Still facing criticism over the aftermath of his decision to withdraw a small U.S. military force in Syria, which allowed the Turkish military to invade areas along its border, President Donald Trump on Monday again defended his decision, saying the U.S. did not have any agreement to protect Kurdish groups in that region.
"We never agreed to protect the Kurds for the rest of their lives," the President told reporters during a Cabinet meeting at the White House.
"I’m trying to get out of wars," Mr. Trump added.
In the Middle East, Secretary of Defense Mark Esper echoed the President's assessment.
“We had no obligation if you will to defend the Kurds from a long-standing NATO ally (Turkey)," Esper told reporters.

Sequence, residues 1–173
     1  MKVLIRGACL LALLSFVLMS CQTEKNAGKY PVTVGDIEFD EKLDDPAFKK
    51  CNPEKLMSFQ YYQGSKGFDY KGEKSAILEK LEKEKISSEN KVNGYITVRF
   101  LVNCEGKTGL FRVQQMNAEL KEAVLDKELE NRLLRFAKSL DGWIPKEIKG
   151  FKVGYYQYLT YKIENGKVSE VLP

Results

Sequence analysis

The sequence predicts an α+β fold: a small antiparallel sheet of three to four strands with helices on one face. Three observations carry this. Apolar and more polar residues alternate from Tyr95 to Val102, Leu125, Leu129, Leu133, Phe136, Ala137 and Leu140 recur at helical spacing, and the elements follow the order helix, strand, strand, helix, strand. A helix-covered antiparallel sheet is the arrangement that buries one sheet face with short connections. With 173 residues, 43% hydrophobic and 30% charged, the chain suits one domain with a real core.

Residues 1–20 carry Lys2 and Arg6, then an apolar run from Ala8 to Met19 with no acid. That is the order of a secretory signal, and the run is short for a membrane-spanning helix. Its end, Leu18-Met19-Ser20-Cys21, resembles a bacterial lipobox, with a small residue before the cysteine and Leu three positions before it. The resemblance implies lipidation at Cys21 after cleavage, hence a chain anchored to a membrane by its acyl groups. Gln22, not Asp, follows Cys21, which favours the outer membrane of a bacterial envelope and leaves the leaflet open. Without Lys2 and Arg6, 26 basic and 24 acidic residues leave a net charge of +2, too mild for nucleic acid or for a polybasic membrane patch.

As U.S. military forces pulled back - moving into other regions of Syria, and across the border into Iraq - they were met with protests, as people threw tomatoes and rocks at American military vehicles.
"I understand the anger of Kurds," Sen. Marco Rubio (R-FL) tweeted, as he said U.S. troops should be praised, and not insulted.
"They didn't make the decision to leave," Rubio said, without mentioning President Trump. "They were ordered to."
Asked about the possible release of Islamic State prisoners, and whether the group might be able to regroup with the U.S. gone, the President blasted the press.
Back in Congress, House Democrats set a hearing for Wednesday on the situation in Syria spurred by President Trump's decision to pull out U.S. forces near the Syria-Turkey border.
The witnesses will include three officials from the State Department; Secretary of State Mike Pompeo is not on the witness list.
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